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  3. W.G.Ewald

    W.G.Ewald Defence Professionals/ DFI member of 2 Defence Professionals

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    The China case is much less extensive and the Russia sanctions continue to expand, I believe.
     
  4. asianobserve

    asianobserve Elite Member Elite Member

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    Unlike Russia China is in a much better position to do a tit-for-ta sanctions against the US. China can wreak havoc on the US in the short to medium term but of course in the long term it will destroy itself more than the US since we all know that it's economic engine is based on foreign industries in China and exports to the West.
     
  5. Ray

    Ray The Chairman Defence Professionals Moderator

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    Interesting point.

    Could you amplify?

    It is worth understanding this issue for what its worth.
     
  6. asianobserve

    asianobserve Elite Member Elite Member

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    There are Billions of direct investment of American companies in China. The US car industry alone is heavily engaged in China with some brands having more sales in China than the US. US engineering companies like GE and aerospace companies like Boeing are invested and heavily dependent on Chinese market. So just imagine if China will start freezing the assets of American businesses in China. We saw the experience of Japanese companies in China during the anti-Japanese campaign after Japan bought the disputed islands. So China can also do a slow screw tightening sanction regime against the US if it chooses to: it can start with smaller US companies in China and then will slowly go up to bigger and bigger companies. If the US will respond with targeted sanctions via financial institutions then China can very much pressure on the international financial system by dumping the huge amount of US bonds it is holding. And if US allies start joining in the fray then China can also dump their bonds and sanctioning their private companies in China. It can also leverage the deep engagement of foreign banks in China. No doubt the damage will be immense to both sides but on the short term at least the impact will be felt harder in US (by IS companies).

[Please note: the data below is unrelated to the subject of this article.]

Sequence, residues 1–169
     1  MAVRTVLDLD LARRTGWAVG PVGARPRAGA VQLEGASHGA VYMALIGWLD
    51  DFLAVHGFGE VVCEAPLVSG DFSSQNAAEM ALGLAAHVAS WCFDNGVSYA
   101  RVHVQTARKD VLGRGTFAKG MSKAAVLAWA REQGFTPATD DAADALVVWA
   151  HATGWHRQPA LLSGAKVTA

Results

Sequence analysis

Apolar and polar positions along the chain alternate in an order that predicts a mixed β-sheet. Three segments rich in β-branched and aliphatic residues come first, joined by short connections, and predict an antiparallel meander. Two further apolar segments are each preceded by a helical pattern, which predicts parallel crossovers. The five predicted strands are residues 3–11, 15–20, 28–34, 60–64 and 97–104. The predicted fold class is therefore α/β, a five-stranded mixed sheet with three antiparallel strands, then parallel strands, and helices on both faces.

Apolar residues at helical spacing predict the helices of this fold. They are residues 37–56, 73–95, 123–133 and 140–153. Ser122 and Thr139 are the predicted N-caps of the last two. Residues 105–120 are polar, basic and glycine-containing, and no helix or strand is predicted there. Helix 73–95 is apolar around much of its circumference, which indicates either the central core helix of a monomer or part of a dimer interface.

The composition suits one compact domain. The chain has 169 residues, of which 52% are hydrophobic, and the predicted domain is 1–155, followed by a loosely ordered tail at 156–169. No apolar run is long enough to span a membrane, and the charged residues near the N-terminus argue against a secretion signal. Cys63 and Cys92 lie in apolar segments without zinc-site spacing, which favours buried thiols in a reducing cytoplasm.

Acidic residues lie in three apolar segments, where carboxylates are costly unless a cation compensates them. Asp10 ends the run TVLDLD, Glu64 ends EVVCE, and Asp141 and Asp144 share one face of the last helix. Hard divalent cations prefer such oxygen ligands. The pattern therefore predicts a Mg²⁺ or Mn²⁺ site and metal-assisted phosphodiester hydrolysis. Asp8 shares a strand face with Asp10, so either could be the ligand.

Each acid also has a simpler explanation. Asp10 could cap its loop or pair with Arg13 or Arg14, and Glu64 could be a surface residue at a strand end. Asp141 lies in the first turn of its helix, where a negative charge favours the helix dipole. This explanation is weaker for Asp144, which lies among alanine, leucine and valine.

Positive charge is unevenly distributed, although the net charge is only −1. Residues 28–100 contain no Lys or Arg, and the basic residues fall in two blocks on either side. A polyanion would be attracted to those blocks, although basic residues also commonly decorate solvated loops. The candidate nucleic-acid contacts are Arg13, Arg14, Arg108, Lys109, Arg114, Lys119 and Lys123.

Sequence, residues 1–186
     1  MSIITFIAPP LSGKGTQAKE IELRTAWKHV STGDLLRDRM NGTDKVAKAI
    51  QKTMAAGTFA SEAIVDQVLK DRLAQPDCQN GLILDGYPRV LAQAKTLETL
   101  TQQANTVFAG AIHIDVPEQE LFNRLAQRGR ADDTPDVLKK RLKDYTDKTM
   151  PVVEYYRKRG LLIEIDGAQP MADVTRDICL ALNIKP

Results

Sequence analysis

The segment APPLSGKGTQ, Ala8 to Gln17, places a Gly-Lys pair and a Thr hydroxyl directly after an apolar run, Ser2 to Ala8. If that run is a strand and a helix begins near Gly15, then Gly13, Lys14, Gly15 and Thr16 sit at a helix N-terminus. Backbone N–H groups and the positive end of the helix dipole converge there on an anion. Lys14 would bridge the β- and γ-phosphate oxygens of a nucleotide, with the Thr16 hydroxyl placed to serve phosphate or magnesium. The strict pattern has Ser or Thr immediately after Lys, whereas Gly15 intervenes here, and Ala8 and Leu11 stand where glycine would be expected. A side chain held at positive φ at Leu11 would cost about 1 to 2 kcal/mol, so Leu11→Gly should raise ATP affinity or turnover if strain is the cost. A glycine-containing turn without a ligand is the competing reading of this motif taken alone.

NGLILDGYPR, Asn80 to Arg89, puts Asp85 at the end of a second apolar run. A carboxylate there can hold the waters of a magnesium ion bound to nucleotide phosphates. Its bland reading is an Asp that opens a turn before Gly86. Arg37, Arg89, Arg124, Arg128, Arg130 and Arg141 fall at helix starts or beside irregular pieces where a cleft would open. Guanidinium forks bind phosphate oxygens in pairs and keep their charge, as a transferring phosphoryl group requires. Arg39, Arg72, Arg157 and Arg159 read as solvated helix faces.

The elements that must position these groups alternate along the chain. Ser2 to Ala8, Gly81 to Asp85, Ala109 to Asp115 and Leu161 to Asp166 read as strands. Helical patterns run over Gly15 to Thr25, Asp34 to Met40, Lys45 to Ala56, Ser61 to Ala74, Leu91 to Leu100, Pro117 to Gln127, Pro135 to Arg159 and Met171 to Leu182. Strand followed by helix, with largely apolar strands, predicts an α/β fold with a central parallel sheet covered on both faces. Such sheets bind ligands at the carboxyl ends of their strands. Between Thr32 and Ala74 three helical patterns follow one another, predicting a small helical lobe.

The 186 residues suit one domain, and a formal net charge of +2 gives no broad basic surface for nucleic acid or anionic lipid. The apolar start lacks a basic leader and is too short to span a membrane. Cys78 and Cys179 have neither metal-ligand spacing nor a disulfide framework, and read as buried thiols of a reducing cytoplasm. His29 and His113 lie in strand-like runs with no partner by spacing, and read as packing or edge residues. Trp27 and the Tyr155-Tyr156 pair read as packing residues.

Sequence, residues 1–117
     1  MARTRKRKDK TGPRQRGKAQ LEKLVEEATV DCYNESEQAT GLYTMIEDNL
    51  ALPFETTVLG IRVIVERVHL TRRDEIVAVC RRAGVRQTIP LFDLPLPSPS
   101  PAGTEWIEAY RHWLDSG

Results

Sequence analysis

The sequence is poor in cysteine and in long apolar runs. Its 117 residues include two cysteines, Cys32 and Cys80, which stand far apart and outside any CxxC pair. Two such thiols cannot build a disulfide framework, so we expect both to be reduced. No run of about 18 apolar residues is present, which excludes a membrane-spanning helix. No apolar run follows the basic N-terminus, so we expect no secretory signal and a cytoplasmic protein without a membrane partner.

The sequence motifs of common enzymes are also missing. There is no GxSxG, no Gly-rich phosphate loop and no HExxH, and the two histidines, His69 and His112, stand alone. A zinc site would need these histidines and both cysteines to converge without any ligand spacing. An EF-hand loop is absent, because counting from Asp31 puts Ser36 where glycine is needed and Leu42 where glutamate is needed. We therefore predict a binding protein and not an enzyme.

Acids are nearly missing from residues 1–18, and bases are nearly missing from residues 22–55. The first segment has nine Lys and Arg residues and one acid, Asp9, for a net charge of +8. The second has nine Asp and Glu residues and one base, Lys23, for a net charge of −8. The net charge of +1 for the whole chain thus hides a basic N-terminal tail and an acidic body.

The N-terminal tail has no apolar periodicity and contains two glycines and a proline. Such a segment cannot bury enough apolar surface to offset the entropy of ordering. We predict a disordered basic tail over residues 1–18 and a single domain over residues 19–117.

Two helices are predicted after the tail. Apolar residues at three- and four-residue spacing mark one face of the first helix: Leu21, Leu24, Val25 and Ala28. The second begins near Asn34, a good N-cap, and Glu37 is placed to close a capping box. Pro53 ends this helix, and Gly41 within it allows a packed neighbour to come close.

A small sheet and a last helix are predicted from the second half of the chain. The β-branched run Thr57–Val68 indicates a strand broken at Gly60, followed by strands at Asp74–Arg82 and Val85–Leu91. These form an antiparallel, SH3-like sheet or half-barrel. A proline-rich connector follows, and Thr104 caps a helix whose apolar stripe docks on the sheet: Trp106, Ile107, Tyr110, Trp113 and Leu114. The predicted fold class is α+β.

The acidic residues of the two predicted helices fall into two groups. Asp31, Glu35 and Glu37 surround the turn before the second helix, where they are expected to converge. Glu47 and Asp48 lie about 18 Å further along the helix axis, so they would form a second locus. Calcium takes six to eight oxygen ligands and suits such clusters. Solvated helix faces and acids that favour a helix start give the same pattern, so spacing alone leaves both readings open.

It would be right to say that international trade and finance may grind to a halt in a full blown trade/sanctions war between US and China.


    Thanks
     
    Last edited by a moderator: May 2, 2014
  7. jon88

    jon88 Regular Member

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    For once I am siding with China. How can the US dictate who a foreign company or individual does business with when their very own country do not even sanction it. Just because Iran is not your friend, I am not supposed to be a friend of Iran? Come on, thats what a high school bully would do.

    Just the same...India can do business with anyone she wants,... the US have no say in this....the US can mind it's own business, we mind our own.